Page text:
Mass Shooters Are Not Mentally Ill

There’s an awful stigma around mental illness. From depression to bipolar disorder to schizophrenia. Headcase. Looney. Crazy. Insane. Psycho. These are just common insults, even the last one has no medical weight, used to question the way someone acts if it’s out of line with expectations. When applied to some who is sick they can be particularly hurtful. There’s even evolutionary advantage to question unpredictable people who threaten the group in a way that doesn’t exist with many other prejudices. But the mentally ill are victims of diseases as cruel or more than any other. Diseases that can rob people of their personality.

Every time someone commits an act of mass violence, questions arise about the mental health of the perpetrator. But with few exceptions, these acts are not committed by people with a mental illness. These people are simply unstable. These are seemingly normal people whose expectations of reality, when not met, cause them to commit extreme acts. An ex husband who throws all of his wife’s belongings in a dumpster when she won’t behave as he expects. A man who slashes the tires of a person over a minor personal property dispute that isn’t working as he expects. Any number of violent acts from punches and beatings to mass shootings.

On the subject of the last example, after every one of these too common events the media begins look for explanations other than the prevalence of and ease of access to guns in America. And the mental health of the shooter always comes into question. I could be wrong but I don’t believe there are many DSM-V diagnoses that include violent, catastrophic outburst as a potential result. (Intermittent explosive disorder and a few personality disorders are the exceptions that come to mind.) I don’t believe these people are mentally ill in that they suffer from a persistent disturbance in thinking and behavior such as a person with schizophrenia does. They are simply unbalanced individuals. Shooters and any number of other people who can potentially react to life events with extreme violence or punitive hatred or criminal spite are people who live their lives close to the edge of extreme behavior and can be pushed over that edge for any number of reasons, situations events or realities that they cannot cope with any other way than by hurting someone.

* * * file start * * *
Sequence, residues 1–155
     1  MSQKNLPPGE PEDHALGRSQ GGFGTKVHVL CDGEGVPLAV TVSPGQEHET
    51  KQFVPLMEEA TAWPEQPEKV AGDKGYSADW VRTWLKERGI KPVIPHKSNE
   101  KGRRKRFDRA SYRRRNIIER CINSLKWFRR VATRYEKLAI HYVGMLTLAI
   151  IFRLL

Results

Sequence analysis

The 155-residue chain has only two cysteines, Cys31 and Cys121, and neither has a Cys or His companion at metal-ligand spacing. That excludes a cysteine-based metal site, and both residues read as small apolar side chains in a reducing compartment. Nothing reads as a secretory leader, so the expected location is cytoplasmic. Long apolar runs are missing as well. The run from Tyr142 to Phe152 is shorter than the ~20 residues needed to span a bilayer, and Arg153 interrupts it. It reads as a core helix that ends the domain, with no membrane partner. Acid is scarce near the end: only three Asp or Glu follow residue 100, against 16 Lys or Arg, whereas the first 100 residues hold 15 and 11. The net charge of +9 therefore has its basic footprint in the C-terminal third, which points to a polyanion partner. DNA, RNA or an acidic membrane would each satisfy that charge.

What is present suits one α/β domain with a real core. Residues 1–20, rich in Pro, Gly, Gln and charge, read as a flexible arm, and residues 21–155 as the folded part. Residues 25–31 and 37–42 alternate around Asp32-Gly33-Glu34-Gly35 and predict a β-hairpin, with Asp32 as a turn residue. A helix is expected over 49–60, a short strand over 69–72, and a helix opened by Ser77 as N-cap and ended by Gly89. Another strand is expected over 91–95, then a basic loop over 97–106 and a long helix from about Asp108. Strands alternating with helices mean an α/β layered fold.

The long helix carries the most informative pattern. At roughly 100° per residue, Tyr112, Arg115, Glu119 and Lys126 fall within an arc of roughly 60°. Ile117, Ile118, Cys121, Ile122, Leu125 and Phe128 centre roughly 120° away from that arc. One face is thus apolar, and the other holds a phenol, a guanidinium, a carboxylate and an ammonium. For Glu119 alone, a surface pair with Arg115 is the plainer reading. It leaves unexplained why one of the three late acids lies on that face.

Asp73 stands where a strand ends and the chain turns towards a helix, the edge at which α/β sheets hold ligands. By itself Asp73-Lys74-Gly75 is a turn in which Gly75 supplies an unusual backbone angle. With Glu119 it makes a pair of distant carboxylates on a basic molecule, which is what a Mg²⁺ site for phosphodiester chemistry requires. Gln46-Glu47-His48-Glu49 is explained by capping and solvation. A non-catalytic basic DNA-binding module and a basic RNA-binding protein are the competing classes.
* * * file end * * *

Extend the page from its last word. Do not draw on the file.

The mentally ill in the truest sense, those with day-to-day dysfunction of thinking or handling emotions, are not often the perpetrators of violence. They are more often the victims of violence. Mass shootings and crimes of passion and criminal acts of selfish vindication are not examples of the failure of the mental health system to help these people. I don’t believe that Dylan Roof would have been much helped by going to the therapist. Could a therapist deescalate murderous racism? Seung-Hui Cho may have had major depression, but how could that possibly predict the murder of 32 of his peers? How could the mental health community have stopped these or any other mass shooter? Saying this is not a failure of the mental health system isn’t a very hard statement for me to make, and given its state in this country it’s full of failures, but psychiatrists and counselors are there to help people suffering. They aren’t thought police. And unless a patient makes a threat in a session, they can’t possibly do anything because a person determined to commit a violent act or prone to them on an impulse probably won’t mention it to a doctor unless they find their thoughts discomforting.

The scary thought, the uncertain reality, is that there is no predictor to screen for people who are just off enough to do unthinkable things to their loved ones or the public at large. There’s no failed mechanism to scapegoat. These people are sane enough to carefully prepare and execute a plan or just unhinged enough to snap when life gives them an outcome they can’t accept.

There will always be people who snap and do horrible things or who build a hatred for years and let it stewed into an explosion. But the least we can do on the subject of the shooters is make it hard or impossible for them to inflict the kind of destruction that we saw in Las Vegas.

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